The Wellington Mayor says he supports banning the private sale of fireworks, after a Green MP urged him to bring about change.
"I personally support banning the sale of fireworks, but it is something the community has to decide," Justin Lester, the Mayor of Wellington, told Newshub.
He said there is "strong levels of public support" for a ban, but added: "I would need to canvas councillors first and would want to ensure that any changes are community-led."
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Lester was responding to a letter penned by Green MP Gareth Hughes on Thursday urging Wellington City Council to support the Greens' stance on private firework sales.
Hughes said fireworks "cause hundreds of accidents each year, start fires and cause distress and sometimes injuries to animals".
"I've been outspoken about fireworks in my capacity as Animal Welfare Spokesperson for the Green Party. I want to see the private sale and use of fireworks banned and replaced by safer, better public displays."
He said three petitions representing over 40,000 signatures supporting a ban were discussed this week by the Governance and Administration Select Committee.
"A strong directive from the Wellington City Council would see momentum towards banning the sale of fireworks."
Hughes applauded the council for "bringing Wellingtonians together", highlighting his support for public firework displays, such as the Matariki ki Pōneke (Māori New Year) display taking place on Saturday in Wellington.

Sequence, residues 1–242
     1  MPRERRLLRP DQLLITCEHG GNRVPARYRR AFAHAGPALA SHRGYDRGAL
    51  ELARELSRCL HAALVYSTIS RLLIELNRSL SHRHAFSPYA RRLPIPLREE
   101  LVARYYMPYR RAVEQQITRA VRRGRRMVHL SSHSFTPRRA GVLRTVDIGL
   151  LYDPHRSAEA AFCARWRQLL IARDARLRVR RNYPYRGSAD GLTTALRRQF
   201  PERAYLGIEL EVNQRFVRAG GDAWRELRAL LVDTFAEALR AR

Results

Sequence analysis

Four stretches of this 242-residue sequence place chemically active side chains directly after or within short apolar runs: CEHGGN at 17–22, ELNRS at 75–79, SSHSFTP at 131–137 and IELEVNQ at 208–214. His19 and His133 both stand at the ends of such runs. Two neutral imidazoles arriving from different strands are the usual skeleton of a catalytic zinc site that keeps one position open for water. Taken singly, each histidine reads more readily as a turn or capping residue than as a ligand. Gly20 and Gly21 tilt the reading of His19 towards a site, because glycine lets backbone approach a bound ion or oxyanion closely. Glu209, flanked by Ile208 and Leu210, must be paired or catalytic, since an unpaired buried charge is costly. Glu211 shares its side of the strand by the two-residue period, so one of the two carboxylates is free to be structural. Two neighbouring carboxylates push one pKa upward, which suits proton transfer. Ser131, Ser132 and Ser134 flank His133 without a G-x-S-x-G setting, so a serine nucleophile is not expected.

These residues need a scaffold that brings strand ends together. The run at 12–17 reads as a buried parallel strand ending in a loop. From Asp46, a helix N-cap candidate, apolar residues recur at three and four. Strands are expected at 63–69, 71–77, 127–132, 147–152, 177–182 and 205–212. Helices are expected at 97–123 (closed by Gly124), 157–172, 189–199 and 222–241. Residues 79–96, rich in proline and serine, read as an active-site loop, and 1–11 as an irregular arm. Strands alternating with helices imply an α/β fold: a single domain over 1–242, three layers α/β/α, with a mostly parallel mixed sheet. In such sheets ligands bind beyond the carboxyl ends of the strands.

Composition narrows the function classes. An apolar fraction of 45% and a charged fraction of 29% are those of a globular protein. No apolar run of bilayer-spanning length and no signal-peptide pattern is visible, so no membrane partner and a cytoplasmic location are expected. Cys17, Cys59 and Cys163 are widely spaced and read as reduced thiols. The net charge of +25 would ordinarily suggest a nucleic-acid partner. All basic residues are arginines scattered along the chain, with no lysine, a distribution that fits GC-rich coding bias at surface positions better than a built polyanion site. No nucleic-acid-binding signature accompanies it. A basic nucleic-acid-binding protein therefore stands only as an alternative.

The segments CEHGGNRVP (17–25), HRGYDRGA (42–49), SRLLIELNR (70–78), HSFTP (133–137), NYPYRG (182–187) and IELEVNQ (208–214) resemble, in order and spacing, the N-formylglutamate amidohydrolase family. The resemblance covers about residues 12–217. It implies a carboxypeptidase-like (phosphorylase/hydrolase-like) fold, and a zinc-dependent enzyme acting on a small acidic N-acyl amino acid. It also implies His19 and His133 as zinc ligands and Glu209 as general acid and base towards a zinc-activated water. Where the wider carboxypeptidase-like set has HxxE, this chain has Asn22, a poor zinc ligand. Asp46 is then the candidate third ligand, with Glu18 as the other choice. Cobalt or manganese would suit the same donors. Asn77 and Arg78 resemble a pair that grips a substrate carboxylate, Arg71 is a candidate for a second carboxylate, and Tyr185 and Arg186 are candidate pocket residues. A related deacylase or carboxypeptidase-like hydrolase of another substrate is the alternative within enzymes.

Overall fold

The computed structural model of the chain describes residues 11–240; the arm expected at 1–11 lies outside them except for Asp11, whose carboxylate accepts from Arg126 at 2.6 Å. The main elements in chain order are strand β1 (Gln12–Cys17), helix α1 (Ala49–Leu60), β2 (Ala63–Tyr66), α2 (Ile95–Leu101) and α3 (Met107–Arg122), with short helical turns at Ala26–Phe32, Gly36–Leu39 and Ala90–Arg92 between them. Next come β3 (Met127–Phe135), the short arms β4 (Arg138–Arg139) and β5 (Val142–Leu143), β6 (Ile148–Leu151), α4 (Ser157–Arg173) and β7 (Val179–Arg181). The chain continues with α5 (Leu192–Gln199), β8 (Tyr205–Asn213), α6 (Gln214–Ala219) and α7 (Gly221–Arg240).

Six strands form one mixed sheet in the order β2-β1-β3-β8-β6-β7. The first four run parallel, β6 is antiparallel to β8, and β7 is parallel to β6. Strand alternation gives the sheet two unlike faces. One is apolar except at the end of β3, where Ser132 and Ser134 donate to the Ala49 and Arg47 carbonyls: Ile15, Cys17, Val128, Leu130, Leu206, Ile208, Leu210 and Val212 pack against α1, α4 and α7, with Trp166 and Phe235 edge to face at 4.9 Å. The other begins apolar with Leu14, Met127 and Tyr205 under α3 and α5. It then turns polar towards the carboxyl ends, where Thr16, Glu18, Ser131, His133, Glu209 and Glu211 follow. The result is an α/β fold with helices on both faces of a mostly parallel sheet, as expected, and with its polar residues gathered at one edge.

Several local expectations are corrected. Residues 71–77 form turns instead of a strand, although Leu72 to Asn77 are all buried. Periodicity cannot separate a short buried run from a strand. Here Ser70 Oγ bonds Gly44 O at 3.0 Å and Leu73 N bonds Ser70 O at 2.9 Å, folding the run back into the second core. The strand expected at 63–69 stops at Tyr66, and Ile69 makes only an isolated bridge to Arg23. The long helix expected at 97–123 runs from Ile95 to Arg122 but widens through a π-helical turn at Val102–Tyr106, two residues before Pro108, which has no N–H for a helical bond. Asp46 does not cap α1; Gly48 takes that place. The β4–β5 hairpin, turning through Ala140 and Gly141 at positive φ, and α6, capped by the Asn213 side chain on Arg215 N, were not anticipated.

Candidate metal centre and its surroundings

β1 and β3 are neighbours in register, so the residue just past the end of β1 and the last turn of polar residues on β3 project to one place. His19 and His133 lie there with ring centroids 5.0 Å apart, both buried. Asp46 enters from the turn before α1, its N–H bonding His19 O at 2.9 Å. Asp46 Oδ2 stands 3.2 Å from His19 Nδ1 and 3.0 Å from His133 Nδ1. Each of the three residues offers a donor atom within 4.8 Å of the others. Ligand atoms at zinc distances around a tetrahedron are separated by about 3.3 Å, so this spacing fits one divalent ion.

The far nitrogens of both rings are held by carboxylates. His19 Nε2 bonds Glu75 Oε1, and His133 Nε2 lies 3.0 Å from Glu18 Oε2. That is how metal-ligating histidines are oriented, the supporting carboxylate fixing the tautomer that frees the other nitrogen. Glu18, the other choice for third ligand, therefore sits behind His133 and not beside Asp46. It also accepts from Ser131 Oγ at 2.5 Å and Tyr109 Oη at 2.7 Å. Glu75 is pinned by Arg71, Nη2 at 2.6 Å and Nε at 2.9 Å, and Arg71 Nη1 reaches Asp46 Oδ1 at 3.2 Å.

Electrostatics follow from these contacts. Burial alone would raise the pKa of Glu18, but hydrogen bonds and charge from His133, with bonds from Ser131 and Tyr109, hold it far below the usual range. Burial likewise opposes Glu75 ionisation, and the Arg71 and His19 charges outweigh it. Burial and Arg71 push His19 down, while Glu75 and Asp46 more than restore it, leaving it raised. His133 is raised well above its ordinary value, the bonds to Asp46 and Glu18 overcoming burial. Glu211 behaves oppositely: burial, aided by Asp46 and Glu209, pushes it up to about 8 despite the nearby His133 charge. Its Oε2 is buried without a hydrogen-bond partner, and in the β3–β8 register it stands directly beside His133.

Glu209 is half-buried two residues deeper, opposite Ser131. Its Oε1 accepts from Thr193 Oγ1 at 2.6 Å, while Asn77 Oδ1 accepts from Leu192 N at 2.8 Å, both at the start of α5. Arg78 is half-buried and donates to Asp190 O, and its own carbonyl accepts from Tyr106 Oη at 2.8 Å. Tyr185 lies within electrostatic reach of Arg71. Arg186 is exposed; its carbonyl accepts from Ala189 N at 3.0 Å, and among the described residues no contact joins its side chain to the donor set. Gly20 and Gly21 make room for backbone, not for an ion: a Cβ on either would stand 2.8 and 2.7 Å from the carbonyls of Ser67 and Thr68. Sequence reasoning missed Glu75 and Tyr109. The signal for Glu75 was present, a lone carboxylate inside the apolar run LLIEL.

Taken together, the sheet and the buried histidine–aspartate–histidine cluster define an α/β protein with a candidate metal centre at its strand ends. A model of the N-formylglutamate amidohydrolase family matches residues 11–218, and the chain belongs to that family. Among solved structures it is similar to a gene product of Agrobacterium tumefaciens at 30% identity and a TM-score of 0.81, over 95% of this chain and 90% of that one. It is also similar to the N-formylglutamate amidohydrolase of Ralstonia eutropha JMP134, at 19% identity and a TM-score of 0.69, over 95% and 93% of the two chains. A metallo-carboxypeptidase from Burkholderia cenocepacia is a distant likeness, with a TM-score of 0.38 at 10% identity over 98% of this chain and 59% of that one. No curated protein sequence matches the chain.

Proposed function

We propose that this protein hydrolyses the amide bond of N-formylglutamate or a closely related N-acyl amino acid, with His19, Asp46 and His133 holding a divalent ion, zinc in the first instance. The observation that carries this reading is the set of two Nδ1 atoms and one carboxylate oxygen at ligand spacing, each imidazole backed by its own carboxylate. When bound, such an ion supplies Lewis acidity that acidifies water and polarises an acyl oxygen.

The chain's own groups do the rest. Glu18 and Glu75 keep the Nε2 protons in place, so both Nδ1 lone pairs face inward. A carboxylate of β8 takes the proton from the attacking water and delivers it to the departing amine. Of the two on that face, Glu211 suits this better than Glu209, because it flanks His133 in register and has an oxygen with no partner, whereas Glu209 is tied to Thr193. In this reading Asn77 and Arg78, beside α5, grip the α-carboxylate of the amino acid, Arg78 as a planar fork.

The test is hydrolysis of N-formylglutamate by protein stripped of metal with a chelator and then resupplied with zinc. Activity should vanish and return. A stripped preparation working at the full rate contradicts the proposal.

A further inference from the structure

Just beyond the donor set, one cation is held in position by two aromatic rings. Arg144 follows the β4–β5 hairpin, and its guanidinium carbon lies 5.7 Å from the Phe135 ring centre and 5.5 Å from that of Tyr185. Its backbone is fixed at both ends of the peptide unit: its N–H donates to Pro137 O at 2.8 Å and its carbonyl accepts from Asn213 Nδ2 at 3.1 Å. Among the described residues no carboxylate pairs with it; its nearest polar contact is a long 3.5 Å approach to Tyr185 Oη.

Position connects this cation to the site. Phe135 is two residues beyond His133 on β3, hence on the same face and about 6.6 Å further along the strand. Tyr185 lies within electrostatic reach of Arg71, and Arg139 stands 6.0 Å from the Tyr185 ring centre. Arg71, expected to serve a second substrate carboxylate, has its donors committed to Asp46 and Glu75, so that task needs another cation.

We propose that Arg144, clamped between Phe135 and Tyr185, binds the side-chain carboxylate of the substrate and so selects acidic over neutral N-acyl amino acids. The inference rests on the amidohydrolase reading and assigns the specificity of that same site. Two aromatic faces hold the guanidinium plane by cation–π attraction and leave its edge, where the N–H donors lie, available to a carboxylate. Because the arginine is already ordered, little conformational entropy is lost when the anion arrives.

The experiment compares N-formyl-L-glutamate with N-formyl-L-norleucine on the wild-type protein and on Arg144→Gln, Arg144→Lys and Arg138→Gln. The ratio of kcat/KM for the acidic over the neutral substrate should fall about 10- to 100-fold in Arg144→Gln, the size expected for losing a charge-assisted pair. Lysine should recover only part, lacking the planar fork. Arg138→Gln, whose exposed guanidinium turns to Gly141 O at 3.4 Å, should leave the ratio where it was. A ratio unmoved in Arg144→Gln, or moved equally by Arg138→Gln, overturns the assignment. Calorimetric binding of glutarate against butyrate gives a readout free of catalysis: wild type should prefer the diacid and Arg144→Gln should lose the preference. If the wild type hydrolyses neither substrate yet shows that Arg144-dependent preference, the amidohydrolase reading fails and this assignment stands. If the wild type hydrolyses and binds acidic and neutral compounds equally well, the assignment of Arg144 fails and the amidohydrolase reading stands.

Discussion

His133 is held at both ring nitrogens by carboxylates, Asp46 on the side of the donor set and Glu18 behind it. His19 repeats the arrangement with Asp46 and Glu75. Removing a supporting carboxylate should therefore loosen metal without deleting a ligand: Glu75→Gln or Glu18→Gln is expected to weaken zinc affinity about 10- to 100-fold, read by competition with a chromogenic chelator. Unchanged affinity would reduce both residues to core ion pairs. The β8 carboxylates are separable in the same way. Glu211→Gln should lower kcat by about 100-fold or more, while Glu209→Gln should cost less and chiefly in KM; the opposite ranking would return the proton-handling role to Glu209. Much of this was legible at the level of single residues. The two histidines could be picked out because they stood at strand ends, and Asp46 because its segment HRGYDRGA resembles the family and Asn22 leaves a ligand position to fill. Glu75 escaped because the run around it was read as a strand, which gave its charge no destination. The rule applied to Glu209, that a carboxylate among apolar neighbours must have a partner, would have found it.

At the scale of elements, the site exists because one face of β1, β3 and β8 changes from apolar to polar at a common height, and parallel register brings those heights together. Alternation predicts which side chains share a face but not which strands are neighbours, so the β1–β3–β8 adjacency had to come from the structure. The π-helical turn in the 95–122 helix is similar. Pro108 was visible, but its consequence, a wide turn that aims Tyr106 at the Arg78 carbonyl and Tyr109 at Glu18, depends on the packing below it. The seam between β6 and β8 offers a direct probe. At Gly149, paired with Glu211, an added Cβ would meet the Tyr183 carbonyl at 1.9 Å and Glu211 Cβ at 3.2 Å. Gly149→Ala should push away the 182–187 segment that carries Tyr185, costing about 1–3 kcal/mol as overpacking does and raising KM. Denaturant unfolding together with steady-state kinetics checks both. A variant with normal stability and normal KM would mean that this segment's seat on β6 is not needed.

Lester said when considering a ban on the private sale of fireworks, Wellington City Councillors have expressed concerned about safety issues and the welfare of animals.
"We encourage people to go to public displays, but if they do buy their own fireworks to let them off safely and to be aware of the distress they can cause."
Newshub asked four Wellington City Councillors if they would support a ban on the private sale of fireworks, and almost all of them said they hadn't given it that much thought.
Councillor Nicola Young said she "loves" public fireworks displays and admitted she thought they're "much safer". She said there would be a "mixed response" from the public over a ban on private sales.
Councillor Brian Dawson said he would support a ban, and thought that most Wellingtonians would too, although he said there would be "quite a mix of reactions".
"We put on fantastic sky shows on in Wellington and that's the sort of thing we should see more of," he said, pointing to Matariki this weekend.
Councillor Sarah Free said while it wasn't something she had given much thought too, she said fireworks "can be distressing for pets". She said she doesn't see an issue with sales, "more how it's managed".
Councillor Diane Calvert said while she's in favour of people being able to purchase sparklers, "I think we're approaching the time when we don't need the private sales."
Should Wellington follow Auckland?
Auckland Council has already moved towards banning the private sale of fireworks. Earlier this year, councillors voted to take opposition to private firework sales to the Government.
The council's Governing Body met in February to vote on the issue, after almost 90 percent of 7997 public submissions on the proposed ban favoured it.
A motion by councillors Cathy Casey and Fa'anana Efeso Collins was made last year seeking the council's support for the Government to introduce legislation, and it was referred for public consultation.
The Local Government New Zealand (LGNZ) Annual General Meeting takes place next Sunday in Wellington where the issue will be discussed and voted on.
Casey told Newshub she believes LGNZ will support it.